It’s all blue. In every direction, there’s just more blue. Dark blue, light blue. Vibrant blue, dull blue. Blue, blue, blue, blue.
It’s what draws visitors here to Chefchaouen in the first place. And once here, it draws you in further, until you feel like you’re in a magical frozen or underwater world.
The old medina of Chefchaouen is not large but it’s the kind of place where you’re happy to walk the same streets over and over again. As the light shifts throughout the day, the blue glow changes, and you can look at the alleys afresh. And with freshness. The colour makes everything feel so crisp and clean.
This is a welcome difference from the larger cities of Morocco like Fez or Marrakech. The streets aren’t large, they’re not full of shops, the crowds aren’t thick and there’s less mania to the atmosphere.
It’s another one of the reasons Chefchaouen has been a favourite stop along the Morocco tourist trail for decades. This is a relaxing break where the lack of sights is part of the charm. In the town itself, it’s easy to spend a day wandering and trying to find new angles of blue. Up and down stairs, along the main arteries, through the small winding passageways. The main square has open air cafes and restaurants where there’s no rush to move on. A slow lunch, a leisurely coffee, an hour or two catching up on emails from a cushioned lounge.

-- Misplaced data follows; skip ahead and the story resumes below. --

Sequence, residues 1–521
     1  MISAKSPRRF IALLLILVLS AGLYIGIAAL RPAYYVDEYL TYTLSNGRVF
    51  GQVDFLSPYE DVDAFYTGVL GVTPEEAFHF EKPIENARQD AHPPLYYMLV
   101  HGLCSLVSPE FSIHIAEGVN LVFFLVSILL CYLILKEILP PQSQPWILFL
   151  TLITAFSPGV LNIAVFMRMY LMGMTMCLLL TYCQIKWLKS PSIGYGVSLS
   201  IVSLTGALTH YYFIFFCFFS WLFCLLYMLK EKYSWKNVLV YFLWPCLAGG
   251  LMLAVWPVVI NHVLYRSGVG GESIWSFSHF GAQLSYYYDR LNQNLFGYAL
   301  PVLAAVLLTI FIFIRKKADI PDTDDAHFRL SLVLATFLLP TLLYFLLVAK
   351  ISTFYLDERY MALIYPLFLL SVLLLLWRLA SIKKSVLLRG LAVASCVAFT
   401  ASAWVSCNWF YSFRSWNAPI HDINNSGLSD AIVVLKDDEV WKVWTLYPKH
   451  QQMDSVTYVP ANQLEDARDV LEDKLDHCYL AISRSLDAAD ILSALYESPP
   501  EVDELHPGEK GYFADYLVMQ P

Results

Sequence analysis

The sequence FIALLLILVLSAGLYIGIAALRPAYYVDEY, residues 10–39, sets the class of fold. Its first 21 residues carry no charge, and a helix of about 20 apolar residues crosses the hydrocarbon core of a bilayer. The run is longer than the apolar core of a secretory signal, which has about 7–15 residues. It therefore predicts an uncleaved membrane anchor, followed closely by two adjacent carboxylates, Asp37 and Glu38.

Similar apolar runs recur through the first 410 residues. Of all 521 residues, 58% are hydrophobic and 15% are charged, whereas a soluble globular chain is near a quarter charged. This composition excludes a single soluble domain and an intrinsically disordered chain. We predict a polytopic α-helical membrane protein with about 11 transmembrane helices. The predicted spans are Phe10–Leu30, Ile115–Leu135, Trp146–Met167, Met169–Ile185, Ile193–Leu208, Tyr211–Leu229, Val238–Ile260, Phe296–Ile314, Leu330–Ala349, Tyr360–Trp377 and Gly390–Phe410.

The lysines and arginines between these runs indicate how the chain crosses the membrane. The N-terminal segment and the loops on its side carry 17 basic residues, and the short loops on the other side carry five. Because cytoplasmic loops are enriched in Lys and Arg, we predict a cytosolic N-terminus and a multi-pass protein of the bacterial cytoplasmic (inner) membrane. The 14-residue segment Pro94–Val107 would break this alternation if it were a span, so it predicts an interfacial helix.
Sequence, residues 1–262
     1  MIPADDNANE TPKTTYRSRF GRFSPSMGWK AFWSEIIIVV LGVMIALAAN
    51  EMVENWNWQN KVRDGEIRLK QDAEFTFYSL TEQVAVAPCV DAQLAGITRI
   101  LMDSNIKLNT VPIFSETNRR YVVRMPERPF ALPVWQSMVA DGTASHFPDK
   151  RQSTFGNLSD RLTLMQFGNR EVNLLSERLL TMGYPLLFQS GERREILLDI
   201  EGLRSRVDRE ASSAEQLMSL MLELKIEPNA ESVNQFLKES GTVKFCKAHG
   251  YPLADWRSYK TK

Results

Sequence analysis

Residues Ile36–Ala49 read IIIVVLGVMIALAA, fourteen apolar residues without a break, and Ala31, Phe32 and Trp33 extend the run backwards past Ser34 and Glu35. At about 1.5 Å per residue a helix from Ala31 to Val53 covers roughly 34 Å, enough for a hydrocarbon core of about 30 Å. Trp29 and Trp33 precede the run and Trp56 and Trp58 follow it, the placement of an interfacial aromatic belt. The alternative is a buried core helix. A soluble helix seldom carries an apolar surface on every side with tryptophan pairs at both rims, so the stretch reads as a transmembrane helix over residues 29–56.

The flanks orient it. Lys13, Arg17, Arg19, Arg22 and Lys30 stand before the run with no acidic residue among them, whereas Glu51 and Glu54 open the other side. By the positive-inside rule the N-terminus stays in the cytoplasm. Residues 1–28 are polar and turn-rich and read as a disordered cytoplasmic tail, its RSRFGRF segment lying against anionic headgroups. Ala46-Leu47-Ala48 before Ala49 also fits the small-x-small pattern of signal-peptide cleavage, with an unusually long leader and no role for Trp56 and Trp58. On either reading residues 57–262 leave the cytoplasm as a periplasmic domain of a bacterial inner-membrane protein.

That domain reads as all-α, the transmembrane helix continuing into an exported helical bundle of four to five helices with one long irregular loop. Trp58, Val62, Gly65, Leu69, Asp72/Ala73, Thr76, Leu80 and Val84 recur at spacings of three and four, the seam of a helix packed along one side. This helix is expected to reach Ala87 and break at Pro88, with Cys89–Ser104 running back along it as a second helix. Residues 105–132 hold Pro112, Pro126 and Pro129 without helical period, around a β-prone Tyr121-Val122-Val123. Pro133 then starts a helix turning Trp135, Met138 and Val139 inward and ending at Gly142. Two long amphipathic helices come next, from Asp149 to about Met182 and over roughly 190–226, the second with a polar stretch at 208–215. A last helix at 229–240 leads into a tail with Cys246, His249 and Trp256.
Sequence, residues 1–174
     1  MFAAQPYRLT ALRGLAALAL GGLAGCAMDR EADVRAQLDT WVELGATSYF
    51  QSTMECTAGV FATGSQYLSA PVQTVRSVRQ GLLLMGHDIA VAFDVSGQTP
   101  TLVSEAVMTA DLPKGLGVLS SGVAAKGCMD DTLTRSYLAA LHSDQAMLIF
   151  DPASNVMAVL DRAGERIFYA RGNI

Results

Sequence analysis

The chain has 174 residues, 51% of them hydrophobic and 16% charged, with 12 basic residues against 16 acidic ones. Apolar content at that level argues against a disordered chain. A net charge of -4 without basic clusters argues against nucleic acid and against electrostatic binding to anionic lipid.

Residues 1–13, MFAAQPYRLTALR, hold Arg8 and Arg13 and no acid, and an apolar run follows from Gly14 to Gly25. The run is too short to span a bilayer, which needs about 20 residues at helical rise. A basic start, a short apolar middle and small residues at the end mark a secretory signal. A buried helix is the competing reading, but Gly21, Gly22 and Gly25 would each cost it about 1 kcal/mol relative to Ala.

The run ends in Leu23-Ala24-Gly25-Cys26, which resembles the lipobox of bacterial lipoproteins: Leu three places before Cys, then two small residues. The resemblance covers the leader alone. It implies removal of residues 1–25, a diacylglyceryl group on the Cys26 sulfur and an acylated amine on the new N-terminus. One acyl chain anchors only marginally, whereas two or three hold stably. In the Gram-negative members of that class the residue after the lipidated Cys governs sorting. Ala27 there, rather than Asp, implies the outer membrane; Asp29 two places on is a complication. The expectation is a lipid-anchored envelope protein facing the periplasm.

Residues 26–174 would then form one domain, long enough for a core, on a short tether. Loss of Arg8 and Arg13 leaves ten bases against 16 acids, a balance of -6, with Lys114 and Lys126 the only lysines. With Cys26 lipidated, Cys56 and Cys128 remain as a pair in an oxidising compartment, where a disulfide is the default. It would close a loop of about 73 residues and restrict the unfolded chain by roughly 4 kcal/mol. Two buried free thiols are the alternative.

Surrounding Chefchaouen is a mountainous nature that’s also one of the draws. There are trails leading off to hikes for a day or even longer. It’s likely these will pass through local marijuana farms – another reason travellers have come here for years – but they are easily ignored.
Unfortunately it’s cold and wet for all of my time in Chefchaouen. The blue sky somewhere above is blocked by an almost constant blanket of grey. Although I had planned a hike to explore the mountains, I decide to spend my time in the medina instead.
Thankfully there’s still enough blue here not to need the sky to give it to me. Let me now share some more photos of this rich colourful urban environment, high in the green hills away from the oranges and browns that define much of Morocco’s landscapes.